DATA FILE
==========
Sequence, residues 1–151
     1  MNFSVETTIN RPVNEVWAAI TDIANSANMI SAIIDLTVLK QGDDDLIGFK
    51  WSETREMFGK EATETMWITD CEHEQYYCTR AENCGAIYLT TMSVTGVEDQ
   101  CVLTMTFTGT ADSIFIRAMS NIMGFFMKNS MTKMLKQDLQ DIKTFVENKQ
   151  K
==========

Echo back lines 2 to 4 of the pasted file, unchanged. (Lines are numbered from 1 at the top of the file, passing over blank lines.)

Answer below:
     1  MNFSVETTIN RPVNEVWAAI TDIANSANMI SAIIDLTVLK QGDDDLIGFK
    51  WSETREMFGK EATETMWITD CEHEQYYCTR AENCGAIYLT TMSVTGVEDQ
   101  CVLTMTFTGT ADSIFIRAMS NIMGFFMKNS MTKMLKQDLQ DIKTFVENKQ